CLIA’S vice-president for maritime policy is less positive about the media, which he believes has not only distorted the likelihood of passengers contracting norovirus aboard ship, but also ignored the lengths to which CLIA and its member lines have gone in suppressing further outbreaks.
There are good reasons why this happens: unlike schools or care homes, cruise operators have to report any outbreaks to the CDC, and depictions of virological disaster on pleasure boats makes for more riveting stories than statistics on the decline of cases. As such, Brown believes that a great deal of the media coverage surrounding outbreaks on cruise ships skews towards the irresponsible.
“They need to be upfront and clearly indicate – or not overstate – what the chances are of getting norovirus on a cruise ship,” he says, citing the recent findings by the CDC as a starting point for greater levels of engagement. “Those numbers [in the report] are strong and being able to speak to those…goes a long way in correcting the record.”
Even if current press coverage doesn’t adequately take into account the measures that cruise operators are putting in place, it nevertheless highlights the fact that morovirus will not be banished completely from their vessels any time soon. According to CDC data, outbreaks can take place even on ships with exemplary inspection records. Cruise vessels are inspected twice a year by the VSP and rated for the quality of their sanitation out of 100, with a score of 85 or lower considered by the regulatory body to be unsatisfactory.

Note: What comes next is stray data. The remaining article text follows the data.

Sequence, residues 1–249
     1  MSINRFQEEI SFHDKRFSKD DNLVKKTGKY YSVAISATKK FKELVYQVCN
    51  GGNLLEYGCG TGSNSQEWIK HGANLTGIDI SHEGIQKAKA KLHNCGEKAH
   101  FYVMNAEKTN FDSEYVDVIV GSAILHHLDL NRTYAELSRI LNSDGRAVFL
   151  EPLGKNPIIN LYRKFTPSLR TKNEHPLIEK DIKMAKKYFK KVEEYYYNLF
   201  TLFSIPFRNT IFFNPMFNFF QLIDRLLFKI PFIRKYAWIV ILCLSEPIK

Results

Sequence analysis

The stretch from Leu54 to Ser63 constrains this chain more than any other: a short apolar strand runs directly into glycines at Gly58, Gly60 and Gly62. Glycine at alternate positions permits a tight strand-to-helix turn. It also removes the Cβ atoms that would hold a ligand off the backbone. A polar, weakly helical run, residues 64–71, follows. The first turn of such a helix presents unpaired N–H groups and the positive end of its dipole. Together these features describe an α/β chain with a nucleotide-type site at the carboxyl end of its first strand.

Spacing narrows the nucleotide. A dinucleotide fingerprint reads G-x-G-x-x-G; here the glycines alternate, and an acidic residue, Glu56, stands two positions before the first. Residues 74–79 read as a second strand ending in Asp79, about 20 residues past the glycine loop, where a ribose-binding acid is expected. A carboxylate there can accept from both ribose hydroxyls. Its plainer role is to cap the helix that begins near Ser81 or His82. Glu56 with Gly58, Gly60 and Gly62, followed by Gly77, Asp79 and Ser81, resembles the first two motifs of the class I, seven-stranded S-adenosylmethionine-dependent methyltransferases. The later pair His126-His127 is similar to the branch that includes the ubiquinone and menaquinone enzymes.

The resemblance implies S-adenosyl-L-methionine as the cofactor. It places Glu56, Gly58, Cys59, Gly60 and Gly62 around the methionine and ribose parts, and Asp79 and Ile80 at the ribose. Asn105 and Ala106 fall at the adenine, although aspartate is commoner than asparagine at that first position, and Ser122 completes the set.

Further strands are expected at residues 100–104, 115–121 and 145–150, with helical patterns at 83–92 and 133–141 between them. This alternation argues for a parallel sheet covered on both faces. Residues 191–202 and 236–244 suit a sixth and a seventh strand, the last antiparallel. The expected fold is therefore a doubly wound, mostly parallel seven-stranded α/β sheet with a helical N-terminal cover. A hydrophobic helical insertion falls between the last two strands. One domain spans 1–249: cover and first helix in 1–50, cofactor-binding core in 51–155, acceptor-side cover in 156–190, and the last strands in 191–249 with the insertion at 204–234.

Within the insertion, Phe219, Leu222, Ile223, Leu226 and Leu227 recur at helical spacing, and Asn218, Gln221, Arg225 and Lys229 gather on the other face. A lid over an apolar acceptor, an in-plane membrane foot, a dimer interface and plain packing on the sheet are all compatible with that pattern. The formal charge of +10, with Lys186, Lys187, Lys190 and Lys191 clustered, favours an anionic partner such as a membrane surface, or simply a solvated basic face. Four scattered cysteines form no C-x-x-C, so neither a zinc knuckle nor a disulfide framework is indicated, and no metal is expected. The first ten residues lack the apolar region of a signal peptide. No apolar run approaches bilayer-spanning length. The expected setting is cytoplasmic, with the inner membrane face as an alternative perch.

In 2016, only one out of the 13 outbreaks occurring on cruise ships took place on a boat with a failing sanitation score. Three took place on the Oceania Riviera, a vessel with an inspection score of 96 that year. World Cruise Industry Review found three similar cases of repeat outbreaks in the CDC data from 2014–17, all taking place on board ships with inspection ratings that never dipped below 91.
A watching brief
As far as CLIA is concerned, norovirus isn’t going to disappear as a problem for its member lines. What they can do, however, is continually work toward keeping outbreaks to an absolute minimum. “As the CDC pieces point out, this [norovirus] is something that’s prevalent throughout the world,” says Brown, who is eager to reiterate that many more cases do in fact occur on land. When it comes down to it, he says, the industry is “dealing with something that’s contagious, that is present in the environment all around us. Cruise ships are no exception to that.”
In all of this, it’s important not to forget the crews on board, always watchful for new signs of infection. “[They] provide comfort to those guests who, because they are experiencing symptoms, may need to be isolated. Nevertheless, they’re still trying to find a way to help those folks enjoy a cruise vacation,” he says. Worthy as these efforts are, one can imagine they would be cold comfort to passengers lying stricken in their cabins, silently counting the minimum number of steps from the bed to the bathroom.